In response to the SEC’s approval of new listing rules regarding board diversity and disclosure for Nasdaq-listed companies, Glass Lewis has added new policy guidelines regarding its approach to the new Nasdaq listing standard requiring companies to disclose certain board diversity statistics annually in a standardized format in the proxy statement or on the company’s website beginning in 2022. This disclosure must be provided by the later of (i) August 8, 2022, or (ii) the date the company files its proxy statement for its 2022 annual meeting of shareholders. Glass Lewis will recommend voting against the chair of the governance committee when the required disclosure has not been provided.
Disclosure of Director Diversity and Skills
Glass Lewis has revised its policy guidelines on the disclosure of director diversity and skills in company proxy statements. Beginning in 2022, for companies in the S&P 500 index with particularly poor disclosure (that is, companies failing to provide any disclosure in each of the tracked categories), it may recommend voting against the chair of the nominating and/or governance committee. Beginning in 2023, when companies in the S&P 500 index have not provided any disclosure of individual or aggregate racial/ethnic minority demographic information, Glass Lewis will generally recommend voting against the chair of the nominating and/or governance committee.
Role of the Committee Chair
Glass Lewis has revised its approach to the role of a committee chair in cases where there is a designated committee chair and the recommendation is to vote against the committee chair, but the chair is not up for election because the company maintains a staggered board of directors. Beginning in 2022, in cases where the committee chair is not up for election due to a staggered board, and where Glass Lewis has identified multiple concerns, it will generally recommend voting against other members of the committee who are up for election, on a case-by-case basis.
Environmental, Social, and Governance (“ESG”) Policy Updates
Overall Approach to ESG
Glass Lewis has added a new section to its U.S. voting policy guidelines providing details of how it will consider ESG topics. Basically, Glass Lewis will evaluate all environmental and social issues from the standpoint of long-term shareholder value. It believes that companies should be considering material environmental and social factors in all aspects of their operations and that companies should provide shareholders with disclosure that allows them to understand how these factors are being considered and how attendant risks are being mitigated. A discussion of its policies concerning environmental (including Say-on-Climate), social, and governance shareholder proposals can be found in its 2022 policy guidelines on ESG initiatives.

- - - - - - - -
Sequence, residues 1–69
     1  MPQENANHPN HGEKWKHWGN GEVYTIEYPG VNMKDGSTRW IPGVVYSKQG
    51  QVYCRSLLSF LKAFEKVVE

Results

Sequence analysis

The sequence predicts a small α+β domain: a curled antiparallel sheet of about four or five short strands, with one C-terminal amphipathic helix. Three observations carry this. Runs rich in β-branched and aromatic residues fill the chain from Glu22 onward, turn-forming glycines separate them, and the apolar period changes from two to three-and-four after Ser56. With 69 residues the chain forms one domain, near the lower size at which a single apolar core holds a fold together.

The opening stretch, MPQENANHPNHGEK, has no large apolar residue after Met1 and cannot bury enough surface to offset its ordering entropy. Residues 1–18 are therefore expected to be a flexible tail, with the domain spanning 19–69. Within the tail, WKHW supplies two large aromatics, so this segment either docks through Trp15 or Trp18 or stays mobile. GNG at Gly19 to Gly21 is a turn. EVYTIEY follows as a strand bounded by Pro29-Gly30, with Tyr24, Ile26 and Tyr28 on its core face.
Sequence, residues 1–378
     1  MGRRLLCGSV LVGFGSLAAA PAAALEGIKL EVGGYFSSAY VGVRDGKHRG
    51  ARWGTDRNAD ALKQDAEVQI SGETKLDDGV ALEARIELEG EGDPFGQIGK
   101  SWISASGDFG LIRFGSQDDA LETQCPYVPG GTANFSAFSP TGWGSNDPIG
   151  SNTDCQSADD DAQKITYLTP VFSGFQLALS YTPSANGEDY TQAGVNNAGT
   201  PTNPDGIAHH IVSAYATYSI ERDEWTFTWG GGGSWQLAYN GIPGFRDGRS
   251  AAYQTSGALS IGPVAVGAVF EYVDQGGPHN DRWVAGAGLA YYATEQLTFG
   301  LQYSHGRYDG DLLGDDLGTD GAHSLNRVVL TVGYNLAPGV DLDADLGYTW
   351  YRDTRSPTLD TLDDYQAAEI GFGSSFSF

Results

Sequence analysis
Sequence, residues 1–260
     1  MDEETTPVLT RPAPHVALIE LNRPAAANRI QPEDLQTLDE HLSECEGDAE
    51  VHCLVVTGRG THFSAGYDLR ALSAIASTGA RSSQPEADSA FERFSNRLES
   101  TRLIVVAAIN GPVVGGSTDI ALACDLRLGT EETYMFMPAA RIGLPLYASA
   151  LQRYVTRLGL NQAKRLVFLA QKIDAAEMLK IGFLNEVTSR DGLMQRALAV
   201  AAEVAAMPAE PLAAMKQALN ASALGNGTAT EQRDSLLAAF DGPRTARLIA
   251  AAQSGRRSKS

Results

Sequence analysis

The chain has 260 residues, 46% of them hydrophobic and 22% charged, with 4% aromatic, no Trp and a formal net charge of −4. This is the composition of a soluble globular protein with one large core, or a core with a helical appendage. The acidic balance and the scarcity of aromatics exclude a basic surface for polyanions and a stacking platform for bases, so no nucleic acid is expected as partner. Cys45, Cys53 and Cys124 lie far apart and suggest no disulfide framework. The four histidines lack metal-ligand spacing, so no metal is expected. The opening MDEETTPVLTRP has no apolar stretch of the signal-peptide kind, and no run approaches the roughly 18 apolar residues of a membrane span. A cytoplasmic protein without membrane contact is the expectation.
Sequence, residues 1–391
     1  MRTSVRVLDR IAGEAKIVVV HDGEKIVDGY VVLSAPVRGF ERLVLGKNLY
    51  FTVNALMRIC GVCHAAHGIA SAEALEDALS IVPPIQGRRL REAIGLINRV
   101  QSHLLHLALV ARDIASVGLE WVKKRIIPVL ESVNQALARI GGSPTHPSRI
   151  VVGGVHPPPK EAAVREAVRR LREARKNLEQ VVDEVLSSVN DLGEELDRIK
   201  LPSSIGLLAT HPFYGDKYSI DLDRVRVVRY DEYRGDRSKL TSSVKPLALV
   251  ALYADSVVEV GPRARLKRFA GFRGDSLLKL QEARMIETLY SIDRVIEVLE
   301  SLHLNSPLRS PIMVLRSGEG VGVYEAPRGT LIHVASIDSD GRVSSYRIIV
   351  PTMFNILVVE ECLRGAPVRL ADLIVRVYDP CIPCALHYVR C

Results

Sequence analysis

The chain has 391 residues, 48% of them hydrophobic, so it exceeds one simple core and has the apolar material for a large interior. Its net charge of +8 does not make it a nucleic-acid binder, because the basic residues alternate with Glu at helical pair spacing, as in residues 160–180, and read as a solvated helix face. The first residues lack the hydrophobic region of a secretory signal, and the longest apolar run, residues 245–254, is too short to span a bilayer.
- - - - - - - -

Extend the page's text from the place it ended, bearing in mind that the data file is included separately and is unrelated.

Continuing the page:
Environmental and Social Risk Oversight
Glass Lewis has also updated its policy guidelines with respect to board-level oversight of E&S issues. Beginning in 2022, Glass Lewis will note as a concern when boards of companies in the Russell 1000 do not provide clear disclosure concerning the board-level oversight afforded to environmental and/or social issues. For annual meetings of shareholders held after January 1, 2022, Glass Lewis will generally recommend voting against the governance committee chair of a company in the S&P 500 index who fails to provide explicit disclosure concerning the board’s role in overseeing these issues. However, Glass Lewis is flexible in how companies should determine the best structure for this oversight. In its view, this oversight can be effectively conducted by specific directors, the entire board, a separate committee, or combined with the responsibilities of a key committee.
Other Notable Policy Updates
Multi-Class Share Structures with Unequal Voting Rights
Glass Lewis has updated its approach to evaluating companies that have multi-class share structures with unequal voting rights. Beginning in 2022, it will recommend voting against the chair of the governance committee at companies with a multi-class share structure and unequal voting rights when the company does not provide for a reasonable sunset of the multi-class share structure (generally seven years or less).
Waiver of Age and Tenure Policies
Glass Lewis has revised its approach to boards waiving self-imposed age and/or tenure policies. Beginning in 2022, in cases where the board has waived its term/age limits for two or more consecutive years, Glass Lewis will generally recommend shareholders vote against the nominating and/or governance committee chair, unless a compelling rationale is provided for why the board is proposing to waive this rule (such as consummation of a corporate transaction).
In the section outlining its approach to director independence, Glass Lewis has added a sentence clarifying that for material financial transactions, it will apply a three-year look back, and for former employment relationships, it will apply a five-year look back.
For more information on these updates and to view Glass Lewis’ 2022 U.S. policy guidelines, click here.
About the Authors
Authors of this Thoughtful Pay Alert are Mark Borges and Jason Borrevik, principals at Compensia, and Alex Miller, a senior consultant at Compensia. If you have any questions about this Thoughtful Pay Alert or the Glass Lewis policies generally, Jason can be reached at 408.876.4035 or firstname.lastname@example.org, Mark can be reached at 415.462.2995 or email@example.com, and Alex can be reached at 415.462.8918 or firstname.lastname@example.org.
Compensia, Inc. is a management consulting firm that provides executive compensation advisory services to Compensation Committees and senior management.